The case for an NSA in 2025 — successor to 737-8 MAX — (continued)

 Editor’s Note: Given the amount of interest in the prospect of replacements for the single-aisle airplanes, including the Boeing 757, our Guest Columnist provided a follow-up think piece.

By James Krebs

With the reengined Boeing 737 MAX and Airbus A320 neo families selling like gangbusters, it may seem premature, before one even flies, to be considering a New Small Airplane (NSA) successor to enter service beginning in 2025. But I’m convinced the NSA will come before conventional wisdom expects. The marketplace will demand them.

A combination of market forces could make a compelling case for a NSA in service in 2025.

-   Continuing high fuel prices

-   Increasing urgency to reduce aviation carbon emissions

-   Availability of technology for 20% fuel savings vs 737-8 max and A320 neo (at same seat number) at acceptable risk

-   Traffic growth calling for more seats for 2025 and beyond.

-   Growing pressure from the airlines later in this decade for cleaner, more economical short haul NSA’s

-   Huge global market potential for NSA families — with their performance improved through the years

-   A short haul market share by 2017-18 (neo’s and MAX in service) very disappointing to Boeing.

Continue reading

Odds and Ends: Airbus neos; 757RS/A320RS; charity efforts

Airbus neos: The conversation continues, with Tom Williams, EVP of programmes, giving an interview to Flight Global about the A330neo and the A380neo. Plane Talking has another version of the Williams interview. Notable in Plane Talking’s report is the indication Williams said it will be a year before a decision is made on the A330neo. Our information is that a decision, whether yes or no, is due this year. PT also reports Williams indicated an A380neo would be a 2020s product. This suggests the prospect of a new engine from Rolls-Royce, which is under development, or conceivably a Big Engine Pratt & Whitney GTF could be considered.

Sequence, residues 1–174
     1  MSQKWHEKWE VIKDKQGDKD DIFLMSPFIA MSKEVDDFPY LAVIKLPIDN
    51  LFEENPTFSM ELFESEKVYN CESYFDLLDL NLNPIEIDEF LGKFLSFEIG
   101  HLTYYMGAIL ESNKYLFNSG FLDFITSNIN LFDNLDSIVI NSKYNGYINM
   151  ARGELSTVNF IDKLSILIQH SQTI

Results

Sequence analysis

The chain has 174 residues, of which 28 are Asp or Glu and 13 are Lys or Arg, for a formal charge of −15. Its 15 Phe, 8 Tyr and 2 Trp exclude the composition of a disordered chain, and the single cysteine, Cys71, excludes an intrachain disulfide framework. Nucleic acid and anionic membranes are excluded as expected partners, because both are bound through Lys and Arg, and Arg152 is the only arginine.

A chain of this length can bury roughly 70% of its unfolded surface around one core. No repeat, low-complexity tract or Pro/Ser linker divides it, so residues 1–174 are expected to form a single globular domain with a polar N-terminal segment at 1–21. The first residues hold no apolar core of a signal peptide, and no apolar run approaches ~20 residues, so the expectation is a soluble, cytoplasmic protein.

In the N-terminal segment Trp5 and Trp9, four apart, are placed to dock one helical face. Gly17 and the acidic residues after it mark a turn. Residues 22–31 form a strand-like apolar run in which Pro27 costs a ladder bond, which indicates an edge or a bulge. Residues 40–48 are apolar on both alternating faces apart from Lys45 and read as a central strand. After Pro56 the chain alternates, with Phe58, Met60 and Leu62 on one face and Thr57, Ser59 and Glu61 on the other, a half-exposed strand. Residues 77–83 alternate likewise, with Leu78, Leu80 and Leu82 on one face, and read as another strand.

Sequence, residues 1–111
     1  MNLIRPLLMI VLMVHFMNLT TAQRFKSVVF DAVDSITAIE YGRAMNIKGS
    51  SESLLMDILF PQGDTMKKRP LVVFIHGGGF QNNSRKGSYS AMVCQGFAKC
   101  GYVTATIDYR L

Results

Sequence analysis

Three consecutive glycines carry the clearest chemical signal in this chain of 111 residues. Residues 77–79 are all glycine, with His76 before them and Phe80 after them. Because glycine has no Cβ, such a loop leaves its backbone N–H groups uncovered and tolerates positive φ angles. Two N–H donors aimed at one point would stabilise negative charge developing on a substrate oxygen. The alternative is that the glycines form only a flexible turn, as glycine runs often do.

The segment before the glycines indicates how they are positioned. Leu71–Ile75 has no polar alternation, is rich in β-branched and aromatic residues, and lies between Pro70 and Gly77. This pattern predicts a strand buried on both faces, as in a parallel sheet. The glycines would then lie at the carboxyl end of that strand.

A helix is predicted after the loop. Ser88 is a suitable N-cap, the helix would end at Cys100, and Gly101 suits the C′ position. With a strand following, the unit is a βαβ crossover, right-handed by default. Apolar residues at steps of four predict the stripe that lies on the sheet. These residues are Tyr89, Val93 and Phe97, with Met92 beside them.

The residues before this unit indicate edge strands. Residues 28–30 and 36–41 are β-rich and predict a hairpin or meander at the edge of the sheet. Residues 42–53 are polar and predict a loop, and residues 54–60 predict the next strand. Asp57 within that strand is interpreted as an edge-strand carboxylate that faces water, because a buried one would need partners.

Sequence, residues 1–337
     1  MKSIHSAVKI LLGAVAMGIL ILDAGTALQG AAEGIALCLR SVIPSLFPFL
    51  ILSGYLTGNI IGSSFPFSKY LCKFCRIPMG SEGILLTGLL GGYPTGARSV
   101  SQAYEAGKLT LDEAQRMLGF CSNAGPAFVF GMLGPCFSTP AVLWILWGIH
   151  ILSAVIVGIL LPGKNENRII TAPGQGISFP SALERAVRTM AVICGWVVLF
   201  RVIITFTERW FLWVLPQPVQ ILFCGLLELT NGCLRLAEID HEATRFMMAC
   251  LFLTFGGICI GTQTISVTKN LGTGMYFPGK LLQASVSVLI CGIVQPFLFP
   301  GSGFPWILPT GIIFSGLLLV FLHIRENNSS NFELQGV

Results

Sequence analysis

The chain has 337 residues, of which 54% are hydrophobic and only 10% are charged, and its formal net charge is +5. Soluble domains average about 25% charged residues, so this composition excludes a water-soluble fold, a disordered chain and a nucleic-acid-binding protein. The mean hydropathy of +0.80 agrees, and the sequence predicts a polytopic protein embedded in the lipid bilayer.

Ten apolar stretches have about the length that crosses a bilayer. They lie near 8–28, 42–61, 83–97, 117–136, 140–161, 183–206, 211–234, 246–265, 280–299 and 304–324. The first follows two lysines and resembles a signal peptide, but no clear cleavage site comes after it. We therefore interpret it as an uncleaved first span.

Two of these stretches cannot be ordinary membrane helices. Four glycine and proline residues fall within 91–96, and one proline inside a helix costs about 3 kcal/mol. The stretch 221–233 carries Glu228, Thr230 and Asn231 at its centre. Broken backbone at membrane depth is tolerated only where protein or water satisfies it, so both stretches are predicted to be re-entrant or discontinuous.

757RS/A320RS: Aerotubropower, whose expertise is engines, discusses the implications of the planned improvements in fuel burn on the Pratt & Whitney Geared Turbo Fan and what this means for the replacement of the Boeing 757, 737 and Airbus A320 families.

Charity efforts: IAM 751, the touch-labor union for Boeing, is often portrayed as a bunch greedy members who feel a sense of entitlement. One can certainly debate this point, but what isn’t debatable is 751′s efforts at charity throughout the year. Every once in a while, we pop over to 751′s blog. Today (Feb. 19) the first four items are about philanthropic efforts in Pierce and King counties.

Just as 751 members are often cast as greedy, so is Boeing, so it is only proper in this context to point out that Boeing also engages in philanthropic endeavors throughout the US (we don’t know about abroad). Here’s a link to some of Boeing’s efforts.

Odds and Ends: LEAP vs GTF; CSeries flight testing; MRJ FAL

LEAP vs GTF: Reuters has a story looking at the intense competition between CFM and Pratt & Whitney for the market dominance of the LEAP vs Geared Turbo Fan engines.

The only airplane where there is competition is on the Airbus A320neo family; CFM is exclusive on the Boeing 737 MAX and COMAC C919 and PW is exclusive on the Bombardier CSeries, Embraer E-Jet E2 and Mitsubishi MRJ. PW shares the platform of the Irkut MC-21 with a Russian engine. PW says it has sold more than 5,000 GTFs across the platforms. CFM has sold more than 6,000 across the three models it powers.

On the A320neo family, the competition is 50-50 at this point, with a large number of customers yet to decide on an engine choice. However, 60 A320neos (120 engines) ordered by lessor GECAS never were in contested (GECAS buys exclusively from CFM) and 80 A319/320neos from Republic Airways Holdings (160 engines) were part of a financial rescue package for then-ailing Frontier Airlines.

PW’s joint venture partner, International Aero Engines, shares the A320ceo family platform with CFM. Late to the market, IAE caught up to CFM in recent years.

On platforms where they compete, the sales figures so far show a neck-and-neck competition between CFM and PW.

Update, 12:30: The link has been fixed. Update, 9:30 am PST: Flight Global has this story reporting that PW plans a Performance Improvement Package on the GTF that will further cut fuel consumption by 3%.

CSeries flight testing: Bombardier’s CSeries flight testing has been slow to this point, but it’s beginning to ramp up. Aviation Week reports that FTV 3 should be in the air by the end of this month and FTV 4 should follow in April. FTV 3 is the avionics airplane and FTV 4 focuses on GTF engine testing.

Mitsubishi MRJ: Aviation Week also reports that the Mitsubishi MRJ airplane #1 is nearing final assembly.

Guest column: envisioning the next round of airplanes

By James N. Krebs